Golden Eggs of Bali
    Category: Forbes Life By : Anton Muhajir Read : 739 Date : Thursday, January 04, 2018 - 15:06:33

    Anggaramahendra for Forbes Indonesia

    The Indonesian government has talked of creating 10 new Balis. It’s almost a cliché to call some place the “next Bali.” Ironically, the “next Bali” may be just next to Bali—specifically, the Penida islands just off Bali’s coast. This group of three islands, Nusa Lembongan, Nusa Ceningan and Nusa Penida (the largest of the three) is emerging as a hotspot in Bali’s booming tourism industry.

    As the Lonely Planet website describes Nusa Penida island: “Just beginning to appear on visitor itineraries, Nusa Penida still awaits proper discovery. It’s an untrammeled place that answers the question: what would Bali be like if tourists never came? There are just a handful of formal activities and sights; instead, you go to Nusa Penida to explore and relax, to adapt to the slow rhythm of life here.”

    One of the reasons that the islands remain largely undeveloped, was in part because of their reputation for being unwelcoming “black” islands (see box). That reputation is now changing fast. A better nickname now is Bali’s “golden eggs,” taken from a comment made by former Bali governor Dewa Made Beratha several years ago, a reference to the fact that islands look like small “eggs” laid by the larger Bali, but also due to the tourism potential of the islands.

    Being so close to Bali, with Nusa Lembongan about half an hour by fast boat, and around 45 minutes to Nusa Penida, it is natural that tourism would eventually find its way to these islands. The Wikitravel entry for Nusa Lembongan, for example, declares: “Quickly becoming one of Bali’s most popular attractions, this island paradise is a world away from the hassle and hectic pace of South Bali.”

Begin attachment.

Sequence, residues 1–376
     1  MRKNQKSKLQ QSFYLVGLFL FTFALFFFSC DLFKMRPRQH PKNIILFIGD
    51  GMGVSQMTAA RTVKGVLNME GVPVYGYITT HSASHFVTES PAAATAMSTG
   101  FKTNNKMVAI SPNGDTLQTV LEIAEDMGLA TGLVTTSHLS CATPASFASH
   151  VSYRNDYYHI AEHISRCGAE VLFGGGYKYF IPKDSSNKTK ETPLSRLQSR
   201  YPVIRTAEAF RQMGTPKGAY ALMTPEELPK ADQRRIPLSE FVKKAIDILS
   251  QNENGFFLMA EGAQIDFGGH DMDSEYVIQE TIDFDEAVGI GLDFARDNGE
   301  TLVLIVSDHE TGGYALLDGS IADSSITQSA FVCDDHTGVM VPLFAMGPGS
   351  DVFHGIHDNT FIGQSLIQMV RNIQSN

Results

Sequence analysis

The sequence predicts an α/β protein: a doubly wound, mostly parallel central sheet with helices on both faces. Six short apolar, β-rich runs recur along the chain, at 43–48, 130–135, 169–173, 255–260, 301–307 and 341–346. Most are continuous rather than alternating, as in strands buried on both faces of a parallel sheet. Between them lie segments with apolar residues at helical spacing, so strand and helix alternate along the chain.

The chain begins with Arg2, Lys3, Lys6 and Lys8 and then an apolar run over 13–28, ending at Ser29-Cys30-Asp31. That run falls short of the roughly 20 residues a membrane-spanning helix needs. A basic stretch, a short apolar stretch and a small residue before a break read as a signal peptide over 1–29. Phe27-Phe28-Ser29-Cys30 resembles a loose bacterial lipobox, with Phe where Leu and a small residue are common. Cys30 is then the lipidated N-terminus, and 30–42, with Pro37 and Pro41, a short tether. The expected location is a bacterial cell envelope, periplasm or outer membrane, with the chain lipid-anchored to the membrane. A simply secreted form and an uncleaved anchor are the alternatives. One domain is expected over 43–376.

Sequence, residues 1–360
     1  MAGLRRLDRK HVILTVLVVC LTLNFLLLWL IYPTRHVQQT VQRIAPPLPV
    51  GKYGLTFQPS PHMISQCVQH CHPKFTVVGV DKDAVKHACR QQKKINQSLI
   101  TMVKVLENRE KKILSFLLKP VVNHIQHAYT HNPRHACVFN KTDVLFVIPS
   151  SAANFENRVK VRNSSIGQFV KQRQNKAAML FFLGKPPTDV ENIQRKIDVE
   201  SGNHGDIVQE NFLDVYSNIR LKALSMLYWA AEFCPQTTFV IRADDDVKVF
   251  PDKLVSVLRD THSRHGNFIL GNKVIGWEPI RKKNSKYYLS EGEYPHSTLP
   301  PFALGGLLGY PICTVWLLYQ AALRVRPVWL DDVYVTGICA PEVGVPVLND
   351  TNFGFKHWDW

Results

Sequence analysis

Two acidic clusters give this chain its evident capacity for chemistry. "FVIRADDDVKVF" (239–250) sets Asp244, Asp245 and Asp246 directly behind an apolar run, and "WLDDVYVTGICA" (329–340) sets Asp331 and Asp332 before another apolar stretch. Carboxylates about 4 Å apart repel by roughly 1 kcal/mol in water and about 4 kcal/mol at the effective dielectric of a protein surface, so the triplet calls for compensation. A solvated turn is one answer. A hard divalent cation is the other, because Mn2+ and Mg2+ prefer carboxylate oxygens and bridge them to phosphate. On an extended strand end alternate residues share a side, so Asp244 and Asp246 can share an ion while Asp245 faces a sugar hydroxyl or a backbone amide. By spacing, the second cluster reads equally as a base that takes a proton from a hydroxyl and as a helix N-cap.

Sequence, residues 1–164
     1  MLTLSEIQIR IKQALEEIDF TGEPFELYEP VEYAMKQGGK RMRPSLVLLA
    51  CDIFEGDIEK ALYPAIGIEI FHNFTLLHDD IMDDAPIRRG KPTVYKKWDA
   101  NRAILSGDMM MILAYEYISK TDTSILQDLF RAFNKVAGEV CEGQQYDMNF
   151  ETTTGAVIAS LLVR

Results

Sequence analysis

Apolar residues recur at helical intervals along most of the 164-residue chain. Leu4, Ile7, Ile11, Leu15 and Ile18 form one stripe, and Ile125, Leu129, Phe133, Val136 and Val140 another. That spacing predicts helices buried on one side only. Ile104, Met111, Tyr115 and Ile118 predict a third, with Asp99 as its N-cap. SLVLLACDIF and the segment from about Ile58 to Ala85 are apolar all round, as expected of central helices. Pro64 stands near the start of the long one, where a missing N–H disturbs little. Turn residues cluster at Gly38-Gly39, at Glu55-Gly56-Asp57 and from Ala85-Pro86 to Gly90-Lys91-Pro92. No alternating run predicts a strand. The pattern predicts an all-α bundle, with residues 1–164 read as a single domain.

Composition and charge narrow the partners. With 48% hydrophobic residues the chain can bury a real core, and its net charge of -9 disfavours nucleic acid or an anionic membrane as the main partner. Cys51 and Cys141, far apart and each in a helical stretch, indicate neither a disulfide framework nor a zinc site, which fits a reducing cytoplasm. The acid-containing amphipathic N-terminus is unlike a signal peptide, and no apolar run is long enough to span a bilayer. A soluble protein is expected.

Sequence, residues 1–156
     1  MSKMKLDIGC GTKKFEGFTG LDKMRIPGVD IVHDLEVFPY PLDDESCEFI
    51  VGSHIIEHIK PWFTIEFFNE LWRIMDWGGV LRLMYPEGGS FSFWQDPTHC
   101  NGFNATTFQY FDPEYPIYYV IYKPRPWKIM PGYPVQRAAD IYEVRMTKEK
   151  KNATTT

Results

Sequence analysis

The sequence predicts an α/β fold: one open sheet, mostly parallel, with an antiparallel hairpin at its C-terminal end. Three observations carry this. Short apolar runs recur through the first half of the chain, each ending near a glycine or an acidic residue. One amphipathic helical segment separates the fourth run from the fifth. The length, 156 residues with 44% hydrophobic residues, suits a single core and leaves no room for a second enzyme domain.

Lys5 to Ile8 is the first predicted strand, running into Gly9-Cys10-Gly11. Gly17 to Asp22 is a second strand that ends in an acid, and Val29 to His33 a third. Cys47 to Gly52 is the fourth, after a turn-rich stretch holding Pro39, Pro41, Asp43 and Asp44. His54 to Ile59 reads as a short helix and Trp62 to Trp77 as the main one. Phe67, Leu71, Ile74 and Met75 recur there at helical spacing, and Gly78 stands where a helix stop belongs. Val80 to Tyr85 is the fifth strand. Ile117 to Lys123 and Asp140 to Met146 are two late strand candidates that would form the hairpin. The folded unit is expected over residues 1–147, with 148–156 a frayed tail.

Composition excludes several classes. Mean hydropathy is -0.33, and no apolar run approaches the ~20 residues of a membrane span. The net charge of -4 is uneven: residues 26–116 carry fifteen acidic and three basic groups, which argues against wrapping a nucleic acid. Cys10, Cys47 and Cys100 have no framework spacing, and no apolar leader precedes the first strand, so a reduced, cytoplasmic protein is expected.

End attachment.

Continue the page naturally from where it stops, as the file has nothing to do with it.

The islands are part of the Klungkung district in Bali, whose regent I Nyoman Suwirta has been actively trying to promote the islands. “Nusa Penida is the most popular tourism place in Klungkung district, so we put more attention and focus to develop Nusa Penida as our main tourism destination,” says Suwirta.

    To that end, he introduced the Nusa Penida Festival in 2014 to promote the islands. The event has since grown into one of the largest held annually on Bali. The 2017 event was held over four days last December on both Nusa Penida and Nusa Lembongan. The festival, subtitled “Blue Paradise Island,” included surfing competitions, cultural performances and live musical performances, and even an underwater event, where scuba divers replanted coral to help restore the reefs.

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